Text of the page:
Jimmy Griffin’s retirement in 1975 marked the end of 31 years of enlightened leadership. It was decided then that the directorship would rotate among the curators so that the burden would be shared. Richard Ford was the first to follow Griffin. In the 1970s, Dean Billy Frye created a curatorship in Latin American Archaeology for Joyce Marcus. A newly created curatorship for North America was filled by John Speth, and John O’Shea succeeded Chris Peebles (Great Lakes). Carla Sinopoli succeeded Karl Hutterer as Asian curator. Most recently, in a move that would undoubtedly please Jimmy Griffin greatly, Robin A. Beck became Curator of North American Archaeology and inherited Griffin’s fabulous ceramic repository.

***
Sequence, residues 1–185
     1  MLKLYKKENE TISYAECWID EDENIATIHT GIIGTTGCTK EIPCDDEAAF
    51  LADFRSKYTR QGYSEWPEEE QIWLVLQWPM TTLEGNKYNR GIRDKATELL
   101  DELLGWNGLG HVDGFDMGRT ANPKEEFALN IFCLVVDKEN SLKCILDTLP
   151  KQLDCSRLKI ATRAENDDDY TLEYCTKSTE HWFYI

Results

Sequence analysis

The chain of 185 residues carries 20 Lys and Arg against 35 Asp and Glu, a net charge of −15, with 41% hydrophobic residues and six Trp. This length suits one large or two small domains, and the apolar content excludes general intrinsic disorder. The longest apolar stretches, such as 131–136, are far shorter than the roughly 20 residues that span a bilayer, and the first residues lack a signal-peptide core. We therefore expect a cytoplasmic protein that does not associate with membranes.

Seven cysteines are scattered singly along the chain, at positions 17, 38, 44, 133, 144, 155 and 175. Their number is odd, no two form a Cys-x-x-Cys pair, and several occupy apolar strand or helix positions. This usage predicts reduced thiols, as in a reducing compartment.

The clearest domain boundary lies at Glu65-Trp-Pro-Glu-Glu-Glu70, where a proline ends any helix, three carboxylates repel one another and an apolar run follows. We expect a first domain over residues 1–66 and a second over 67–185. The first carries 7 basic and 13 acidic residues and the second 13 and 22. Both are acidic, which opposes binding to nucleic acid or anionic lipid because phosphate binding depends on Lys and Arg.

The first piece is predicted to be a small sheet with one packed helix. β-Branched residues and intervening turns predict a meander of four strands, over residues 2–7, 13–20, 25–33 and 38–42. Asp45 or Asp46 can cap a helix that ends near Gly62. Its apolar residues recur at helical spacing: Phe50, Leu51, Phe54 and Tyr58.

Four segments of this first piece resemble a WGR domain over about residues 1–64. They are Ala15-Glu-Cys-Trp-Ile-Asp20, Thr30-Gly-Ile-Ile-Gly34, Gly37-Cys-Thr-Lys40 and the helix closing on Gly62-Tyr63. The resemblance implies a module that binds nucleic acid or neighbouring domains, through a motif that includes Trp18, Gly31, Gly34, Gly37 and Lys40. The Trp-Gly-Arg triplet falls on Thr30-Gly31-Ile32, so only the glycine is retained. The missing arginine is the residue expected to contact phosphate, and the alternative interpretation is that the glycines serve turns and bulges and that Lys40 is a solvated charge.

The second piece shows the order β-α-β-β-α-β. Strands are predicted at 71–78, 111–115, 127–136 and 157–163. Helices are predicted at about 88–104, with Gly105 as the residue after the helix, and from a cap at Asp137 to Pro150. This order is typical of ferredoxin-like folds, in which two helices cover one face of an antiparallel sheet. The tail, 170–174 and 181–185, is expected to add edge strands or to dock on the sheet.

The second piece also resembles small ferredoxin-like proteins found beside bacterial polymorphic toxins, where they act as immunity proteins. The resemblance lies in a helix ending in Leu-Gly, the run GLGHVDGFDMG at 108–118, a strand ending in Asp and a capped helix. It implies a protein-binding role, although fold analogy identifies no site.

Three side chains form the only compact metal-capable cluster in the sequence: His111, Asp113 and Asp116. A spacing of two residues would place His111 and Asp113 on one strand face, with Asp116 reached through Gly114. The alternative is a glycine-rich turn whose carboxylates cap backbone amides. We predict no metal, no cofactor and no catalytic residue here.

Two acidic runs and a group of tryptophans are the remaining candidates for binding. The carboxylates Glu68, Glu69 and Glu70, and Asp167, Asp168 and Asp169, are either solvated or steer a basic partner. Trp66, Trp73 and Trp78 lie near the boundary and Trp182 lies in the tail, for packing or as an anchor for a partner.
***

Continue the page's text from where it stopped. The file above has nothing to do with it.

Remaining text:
The Museum has a history of creating new collections and changing or combining others. We refuse to be locked into a static set of categories and curatorships. More changes are anticipated for the future, as we try to stay ahead of new trends in Anthropological Archaeology. 

  Graduate student A. Wright in lab

Throughout our history, the Museum has been greatly enhanced by the contributions of numerous research scientists, visiting scholars, staff, and students—too numerous to mention here, but essential to dynamic and innovative research and teaching, and to the development, study, and care of the important research collections that we curate.